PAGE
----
In an ideal system with a perfect design, these two would be the same. However, other factors may be accounted for in a more realistic simulation. For example, there may be Fresnel losses at a refractive surface or less than 100% reflection at a reflective surface, so the desired target flux may be adjusted to compensate. In one approach, the optical design system begins with simplifying assumptions, such as no Fresnel losses, and finds a design solution. Then, higher order effects are added and the design is further optimized. In some cases, for example when an extended source is simplified to a source point, removing the simplifying assumptions may cause the centroid of the location of the light that hits a facet to deviate from the target location. In these cases, one approach is to adjust both the location of the target point and also the desired relative flux of the target point.
If the target condition is not met, the optical design system adjusts 235 one or more facet sizes. In some embodiments, adjusting one or more facet sizes is based on flux sensitivity values associated with one or more of the facets. A flux sensitivity value is a measure of the change in flux for a particular facet (e.g., dflux/dconic or dflux/dOPL) and its neighbors as the size of the facet is perturbed. The optical design system adjusts the areas of one or more facets to adjust the light distribution at the target points closer to values of the discrete target distribution that is desired.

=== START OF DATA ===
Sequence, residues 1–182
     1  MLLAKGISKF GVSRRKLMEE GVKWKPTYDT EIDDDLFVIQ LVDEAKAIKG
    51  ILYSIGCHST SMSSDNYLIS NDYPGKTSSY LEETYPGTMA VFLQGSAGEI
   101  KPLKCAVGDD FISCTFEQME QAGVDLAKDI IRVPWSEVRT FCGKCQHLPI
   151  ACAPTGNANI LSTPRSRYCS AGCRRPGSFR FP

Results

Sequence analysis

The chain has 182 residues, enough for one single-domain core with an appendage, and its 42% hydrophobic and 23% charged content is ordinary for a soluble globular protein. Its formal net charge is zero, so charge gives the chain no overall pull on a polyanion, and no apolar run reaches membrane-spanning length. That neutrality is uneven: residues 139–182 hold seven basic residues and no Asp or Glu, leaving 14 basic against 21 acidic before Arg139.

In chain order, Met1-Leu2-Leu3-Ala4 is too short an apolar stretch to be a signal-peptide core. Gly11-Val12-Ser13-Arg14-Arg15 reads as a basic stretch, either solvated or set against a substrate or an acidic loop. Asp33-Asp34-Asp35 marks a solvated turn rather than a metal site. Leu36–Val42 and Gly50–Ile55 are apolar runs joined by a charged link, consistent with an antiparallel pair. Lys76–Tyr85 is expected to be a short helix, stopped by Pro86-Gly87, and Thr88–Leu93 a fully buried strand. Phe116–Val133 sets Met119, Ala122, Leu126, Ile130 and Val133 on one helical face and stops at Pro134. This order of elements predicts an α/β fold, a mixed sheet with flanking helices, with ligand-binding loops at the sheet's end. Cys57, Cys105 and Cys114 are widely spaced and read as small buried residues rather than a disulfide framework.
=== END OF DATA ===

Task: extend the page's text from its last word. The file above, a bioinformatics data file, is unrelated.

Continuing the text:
The amount of adjustment for a given facet can be determined by the difference in the calculated light distribution compared to the desired distribution. Adjusting areas of the facets may be done by adjusting size parameters of the facets based on the estimated fluxes compared to the discrete target distribution. The process then repeats with step 215.
In some embodiments a damped least squares algorithm is used to adjust the facets. This is especially effective because the number of size parameters is equal to the number of target points, so there is a single unique solution for a given design. Cases where damped least squares does not converge are rare.
In some embodiments, once the calculated light distribution meets 230 the target criteria for an Nfacet design, the optical design system then determines 240 whether a resolution criteria has been met. The resolution criteria determines whether the number of facets is sufficient to produce a light distribution that is close enough to the specified light distribution. In some embodiments, the resolution criteria may be met if the reflector contains at least a certain number of facets (e.g., 25×25 facets).